He did identify one benefit of the Moscow work. For his 50th reunion at Yale, he was asked to write about something that happened in school that, unbeknownst at the time, became useful later in life.
"I said I learned a couple of Russian drinking songs," laughs Jones. "It was helpful. We bonded."
He also built the third course on mainland China, which now has about 500, he says. And another in China close to the North Korean border.
"You don't want to go too far off course," he says.
There's Princeville in Hawaii on Kauai that is significant because it was early in his career, and the beauty might be unmatched. He maintains a beach house there.
On a smaller scale, there's the putting green at the White House he installed. His father put one in for President Dwight Eisenhower in the 1950s, and when it came time to upgrade and relocate, President Bill Clinton asked Jones Jr. to do the honors.
He crafted a 1,500-square-foot green just 30 paces from the Oval Office. In an article a couple years ago, Jones wrote that Clinton wanted a greenside bunker, too, but he declined at the behest of a Secret Service agent. The agent was fearful of skulled shots that would hit the White House, set off alarms and result in a Code Red.
When Eagle Point opened, a letter of congratulations from Clinton was read.
Jones' work is all about, and several courses will be showcased in upcoming major tournaments. Two Japan courses will host the World Amateur Team Championships next year, Chambers Bay will have the U.S. Open in 2015 and CordeValle in California will have the U.S. Women's Open in 2016.
Chambers Bay is at the top of Jones' list when it comes to acclaim.
It's the first new course to land the U.S. Open since one of Jones' father's works, Hazeltine in Minnesota, did so in 1970. Chambers Bay opened in 2007 and was awarded the Open less than a year later.
"If you have the honor of the United States Golf Association choosing you to host its men's open championship, there is no higher honor," says Jones.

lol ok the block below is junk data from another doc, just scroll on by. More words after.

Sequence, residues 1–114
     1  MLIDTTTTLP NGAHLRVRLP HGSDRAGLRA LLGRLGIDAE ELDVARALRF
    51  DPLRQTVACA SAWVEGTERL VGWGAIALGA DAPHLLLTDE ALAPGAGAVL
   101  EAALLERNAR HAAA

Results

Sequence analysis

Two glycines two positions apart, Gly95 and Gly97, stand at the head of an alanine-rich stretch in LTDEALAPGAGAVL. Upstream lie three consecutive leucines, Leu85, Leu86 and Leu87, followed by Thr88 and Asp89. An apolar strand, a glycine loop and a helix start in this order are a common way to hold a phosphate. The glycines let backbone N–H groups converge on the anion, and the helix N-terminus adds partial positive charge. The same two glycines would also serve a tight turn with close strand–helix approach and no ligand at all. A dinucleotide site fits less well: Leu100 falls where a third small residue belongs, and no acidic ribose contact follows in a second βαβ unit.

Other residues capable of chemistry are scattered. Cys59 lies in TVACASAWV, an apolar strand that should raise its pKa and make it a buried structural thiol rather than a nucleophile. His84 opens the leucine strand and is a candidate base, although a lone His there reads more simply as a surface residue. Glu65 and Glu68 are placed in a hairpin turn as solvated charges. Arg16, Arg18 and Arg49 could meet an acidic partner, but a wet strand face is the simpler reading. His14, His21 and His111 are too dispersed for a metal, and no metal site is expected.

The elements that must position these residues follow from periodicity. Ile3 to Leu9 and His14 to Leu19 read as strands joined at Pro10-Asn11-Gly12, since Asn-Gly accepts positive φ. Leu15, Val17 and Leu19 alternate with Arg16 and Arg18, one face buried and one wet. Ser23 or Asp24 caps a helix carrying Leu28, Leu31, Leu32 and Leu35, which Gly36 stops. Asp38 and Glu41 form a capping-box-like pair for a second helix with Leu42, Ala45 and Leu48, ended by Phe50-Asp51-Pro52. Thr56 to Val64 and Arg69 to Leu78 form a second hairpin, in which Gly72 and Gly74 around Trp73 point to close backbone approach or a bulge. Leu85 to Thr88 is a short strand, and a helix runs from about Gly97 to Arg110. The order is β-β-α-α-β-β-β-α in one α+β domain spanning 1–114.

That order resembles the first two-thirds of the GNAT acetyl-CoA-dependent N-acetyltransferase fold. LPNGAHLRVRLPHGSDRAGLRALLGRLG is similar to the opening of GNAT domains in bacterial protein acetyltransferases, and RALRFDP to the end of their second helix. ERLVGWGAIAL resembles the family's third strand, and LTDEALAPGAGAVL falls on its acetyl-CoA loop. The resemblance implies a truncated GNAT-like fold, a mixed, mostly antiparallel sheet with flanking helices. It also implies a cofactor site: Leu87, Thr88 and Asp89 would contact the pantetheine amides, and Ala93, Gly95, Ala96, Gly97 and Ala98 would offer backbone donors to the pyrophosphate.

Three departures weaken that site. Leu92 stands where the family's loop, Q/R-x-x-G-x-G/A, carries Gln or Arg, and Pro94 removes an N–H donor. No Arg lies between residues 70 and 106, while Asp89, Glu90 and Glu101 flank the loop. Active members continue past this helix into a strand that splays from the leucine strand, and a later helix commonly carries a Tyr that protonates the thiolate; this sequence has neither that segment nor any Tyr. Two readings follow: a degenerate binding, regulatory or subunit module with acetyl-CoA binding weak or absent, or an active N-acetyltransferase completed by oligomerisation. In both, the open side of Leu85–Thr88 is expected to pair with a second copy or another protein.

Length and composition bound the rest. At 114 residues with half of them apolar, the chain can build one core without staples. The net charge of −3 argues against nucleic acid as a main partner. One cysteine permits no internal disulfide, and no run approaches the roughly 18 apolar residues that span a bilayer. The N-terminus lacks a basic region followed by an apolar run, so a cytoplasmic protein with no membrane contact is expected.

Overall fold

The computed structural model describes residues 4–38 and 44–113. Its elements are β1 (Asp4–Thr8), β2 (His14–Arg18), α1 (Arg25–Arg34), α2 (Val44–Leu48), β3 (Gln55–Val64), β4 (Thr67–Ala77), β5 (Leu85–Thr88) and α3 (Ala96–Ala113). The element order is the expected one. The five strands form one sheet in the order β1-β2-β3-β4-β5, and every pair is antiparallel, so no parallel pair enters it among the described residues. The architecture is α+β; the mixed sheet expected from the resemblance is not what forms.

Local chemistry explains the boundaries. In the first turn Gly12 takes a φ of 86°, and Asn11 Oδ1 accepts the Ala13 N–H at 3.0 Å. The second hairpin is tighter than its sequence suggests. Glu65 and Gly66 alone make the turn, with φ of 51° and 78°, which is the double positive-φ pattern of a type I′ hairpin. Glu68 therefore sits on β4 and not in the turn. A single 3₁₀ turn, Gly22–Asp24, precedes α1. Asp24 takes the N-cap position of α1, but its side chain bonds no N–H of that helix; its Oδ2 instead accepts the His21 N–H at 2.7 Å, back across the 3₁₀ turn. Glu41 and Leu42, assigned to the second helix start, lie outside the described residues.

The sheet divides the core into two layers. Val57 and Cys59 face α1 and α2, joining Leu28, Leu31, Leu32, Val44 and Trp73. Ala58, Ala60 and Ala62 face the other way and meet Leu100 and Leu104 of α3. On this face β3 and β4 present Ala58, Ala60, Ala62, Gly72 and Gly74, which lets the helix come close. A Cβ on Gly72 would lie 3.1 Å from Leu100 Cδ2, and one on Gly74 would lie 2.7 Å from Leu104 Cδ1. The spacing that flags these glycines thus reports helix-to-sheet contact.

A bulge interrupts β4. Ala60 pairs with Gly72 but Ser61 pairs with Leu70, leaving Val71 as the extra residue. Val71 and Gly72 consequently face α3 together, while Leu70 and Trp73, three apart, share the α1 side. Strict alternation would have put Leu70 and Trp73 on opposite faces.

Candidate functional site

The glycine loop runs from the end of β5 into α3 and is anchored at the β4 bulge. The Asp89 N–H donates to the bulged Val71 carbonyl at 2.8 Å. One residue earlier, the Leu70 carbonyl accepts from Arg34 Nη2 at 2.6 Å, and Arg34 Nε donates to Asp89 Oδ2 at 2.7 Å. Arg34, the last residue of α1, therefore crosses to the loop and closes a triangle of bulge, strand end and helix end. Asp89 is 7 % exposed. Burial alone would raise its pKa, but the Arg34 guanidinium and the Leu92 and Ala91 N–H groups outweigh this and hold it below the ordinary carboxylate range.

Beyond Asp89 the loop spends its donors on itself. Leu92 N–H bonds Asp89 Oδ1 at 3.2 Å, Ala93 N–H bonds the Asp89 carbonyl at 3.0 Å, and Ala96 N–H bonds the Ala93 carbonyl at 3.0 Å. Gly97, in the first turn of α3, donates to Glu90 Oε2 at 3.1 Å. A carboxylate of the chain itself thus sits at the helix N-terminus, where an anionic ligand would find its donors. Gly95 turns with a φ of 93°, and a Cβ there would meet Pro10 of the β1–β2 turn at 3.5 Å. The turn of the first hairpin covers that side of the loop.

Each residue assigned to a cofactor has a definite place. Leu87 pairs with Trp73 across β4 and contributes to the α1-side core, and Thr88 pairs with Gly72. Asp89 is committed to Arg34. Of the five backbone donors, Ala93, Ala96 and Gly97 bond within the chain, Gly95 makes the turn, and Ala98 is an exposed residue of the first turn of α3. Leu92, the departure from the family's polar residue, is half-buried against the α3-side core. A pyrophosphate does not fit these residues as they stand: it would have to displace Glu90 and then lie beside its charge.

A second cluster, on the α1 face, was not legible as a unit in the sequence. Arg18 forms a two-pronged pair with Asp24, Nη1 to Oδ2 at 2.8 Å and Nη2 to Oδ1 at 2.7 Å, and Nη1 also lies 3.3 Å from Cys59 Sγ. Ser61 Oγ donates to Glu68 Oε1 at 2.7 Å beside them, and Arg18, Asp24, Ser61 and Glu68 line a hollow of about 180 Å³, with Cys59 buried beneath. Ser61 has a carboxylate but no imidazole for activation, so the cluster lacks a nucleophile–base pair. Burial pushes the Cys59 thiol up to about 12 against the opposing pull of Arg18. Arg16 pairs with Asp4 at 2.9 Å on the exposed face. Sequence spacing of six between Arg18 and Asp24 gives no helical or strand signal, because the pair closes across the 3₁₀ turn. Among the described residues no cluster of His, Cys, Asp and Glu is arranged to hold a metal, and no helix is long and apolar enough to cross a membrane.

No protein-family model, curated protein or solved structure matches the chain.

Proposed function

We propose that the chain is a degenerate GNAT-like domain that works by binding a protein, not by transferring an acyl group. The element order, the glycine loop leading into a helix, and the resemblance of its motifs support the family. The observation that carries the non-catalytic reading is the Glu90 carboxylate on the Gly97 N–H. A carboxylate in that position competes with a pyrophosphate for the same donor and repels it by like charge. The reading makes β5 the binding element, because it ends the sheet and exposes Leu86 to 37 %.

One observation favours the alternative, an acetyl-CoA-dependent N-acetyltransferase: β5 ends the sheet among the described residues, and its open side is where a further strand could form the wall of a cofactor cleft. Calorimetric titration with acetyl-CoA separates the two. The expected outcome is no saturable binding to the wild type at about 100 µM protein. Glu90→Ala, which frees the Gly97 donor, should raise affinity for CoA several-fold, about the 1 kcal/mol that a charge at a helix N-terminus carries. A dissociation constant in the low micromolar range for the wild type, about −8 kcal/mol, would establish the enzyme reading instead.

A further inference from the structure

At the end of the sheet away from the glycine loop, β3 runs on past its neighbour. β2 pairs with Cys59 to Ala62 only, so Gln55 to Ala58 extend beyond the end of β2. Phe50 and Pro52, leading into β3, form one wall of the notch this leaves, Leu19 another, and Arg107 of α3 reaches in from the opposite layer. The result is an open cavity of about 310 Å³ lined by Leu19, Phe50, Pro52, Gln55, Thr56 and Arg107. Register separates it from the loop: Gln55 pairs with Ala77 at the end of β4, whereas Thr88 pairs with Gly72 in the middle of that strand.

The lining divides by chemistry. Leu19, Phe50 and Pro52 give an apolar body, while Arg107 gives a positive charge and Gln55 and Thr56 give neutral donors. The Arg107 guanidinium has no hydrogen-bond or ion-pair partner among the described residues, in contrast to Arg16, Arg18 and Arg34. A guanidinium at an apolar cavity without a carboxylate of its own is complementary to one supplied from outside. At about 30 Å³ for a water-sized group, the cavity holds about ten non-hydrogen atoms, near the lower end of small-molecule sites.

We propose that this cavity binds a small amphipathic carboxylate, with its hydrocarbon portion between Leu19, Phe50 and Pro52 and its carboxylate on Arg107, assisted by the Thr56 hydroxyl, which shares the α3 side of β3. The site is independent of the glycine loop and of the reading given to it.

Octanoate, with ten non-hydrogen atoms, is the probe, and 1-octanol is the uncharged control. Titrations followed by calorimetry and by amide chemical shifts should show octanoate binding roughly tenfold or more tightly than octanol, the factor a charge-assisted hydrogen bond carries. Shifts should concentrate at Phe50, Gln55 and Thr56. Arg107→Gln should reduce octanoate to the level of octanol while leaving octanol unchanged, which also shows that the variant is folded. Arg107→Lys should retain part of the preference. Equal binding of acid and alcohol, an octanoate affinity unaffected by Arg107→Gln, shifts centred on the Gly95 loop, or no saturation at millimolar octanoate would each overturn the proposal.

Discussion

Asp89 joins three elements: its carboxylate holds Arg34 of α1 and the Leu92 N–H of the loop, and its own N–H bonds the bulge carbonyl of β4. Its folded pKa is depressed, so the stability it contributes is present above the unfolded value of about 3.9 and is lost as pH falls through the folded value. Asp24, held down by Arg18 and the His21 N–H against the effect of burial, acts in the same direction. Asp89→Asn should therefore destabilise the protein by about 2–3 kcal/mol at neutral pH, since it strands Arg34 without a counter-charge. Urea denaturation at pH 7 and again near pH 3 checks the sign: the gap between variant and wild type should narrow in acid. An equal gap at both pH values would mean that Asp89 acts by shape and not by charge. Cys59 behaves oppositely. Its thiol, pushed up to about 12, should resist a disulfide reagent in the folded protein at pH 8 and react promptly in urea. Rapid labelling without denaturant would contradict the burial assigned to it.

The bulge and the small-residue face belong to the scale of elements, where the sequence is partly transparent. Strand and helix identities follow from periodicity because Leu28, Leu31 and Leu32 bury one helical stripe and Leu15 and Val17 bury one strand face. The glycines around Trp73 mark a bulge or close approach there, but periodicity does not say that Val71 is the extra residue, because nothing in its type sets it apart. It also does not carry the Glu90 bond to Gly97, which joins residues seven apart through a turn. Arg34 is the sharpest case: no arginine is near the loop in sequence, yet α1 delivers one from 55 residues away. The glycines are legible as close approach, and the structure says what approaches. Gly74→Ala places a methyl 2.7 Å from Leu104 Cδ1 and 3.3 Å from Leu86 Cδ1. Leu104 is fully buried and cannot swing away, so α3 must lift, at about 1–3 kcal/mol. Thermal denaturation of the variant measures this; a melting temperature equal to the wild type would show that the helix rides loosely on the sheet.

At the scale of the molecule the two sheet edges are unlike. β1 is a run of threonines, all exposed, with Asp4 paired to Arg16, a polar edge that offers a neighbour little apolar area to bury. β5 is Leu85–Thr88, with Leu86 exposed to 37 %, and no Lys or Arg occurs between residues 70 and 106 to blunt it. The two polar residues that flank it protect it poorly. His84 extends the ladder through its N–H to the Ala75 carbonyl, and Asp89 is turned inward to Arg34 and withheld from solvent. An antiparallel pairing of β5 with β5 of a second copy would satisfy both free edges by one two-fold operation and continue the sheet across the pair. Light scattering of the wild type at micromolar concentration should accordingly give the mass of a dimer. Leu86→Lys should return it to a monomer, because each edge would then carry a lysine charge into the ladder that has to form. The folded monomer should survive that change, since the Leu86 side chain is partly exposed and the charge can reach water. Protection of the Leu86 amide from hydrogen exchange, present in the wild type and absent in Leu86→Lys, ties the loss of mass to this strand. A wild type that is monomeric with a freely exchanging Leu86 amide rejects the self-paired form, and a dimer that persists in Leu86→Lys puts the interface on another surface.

If Eagle Point and Chambers Bay have something in common, it's that they're core golf courses, or those that don't wend through housing developments. Certainly, homes have sprouted around Eagle Point, but much of the back nine remains uncluttered.
"For me as a player," says Jones, "I always want to play a golf course that feels like a golf course, so that's what I try to design. I fight for the integrity of the shot-making. If you miss a shot, you might be in another fairway."
It's unlikely he would do today what he did here in the early 1990s. Business was slow during a recession, and Jones' Palo Alto, Calif.-based company "was looking around," he says.
He was in his 50s and had an inkling to finally build and own his own course.
"That's real pioneering," he says.
Because of the family name, nothing could be compromised. An example is the all-weathering of the course to allow winter play.
"That was a million-dollar decision," says Jones, referring to loads of sand used as a base. "If you really think about the market at the time here, the price of rounds didn't keep up with the investment."
He was the majority owner for several years before selling his stake and concentrating fully on design.
The experience of "paying attention to every penny and nickel and dime," he says, and of handling the overall operation of a facility was "an extremely important learning experience, which I think has helped many of my clients."
After touring the course this week, he doesn't see the need to make changes beyond general maintenance. The cattails on No. 18, for instance, could be cut down to reveal the stream. He believes in "seeing your hazards."
"We spent a lot of time here getting it right," he says. "I think we did a good job."
Even if it did cost a bit of blood, sweat and tears.
Reach sports editor Tim Trower at 541-776-4479, or email firstname.lastname@example.org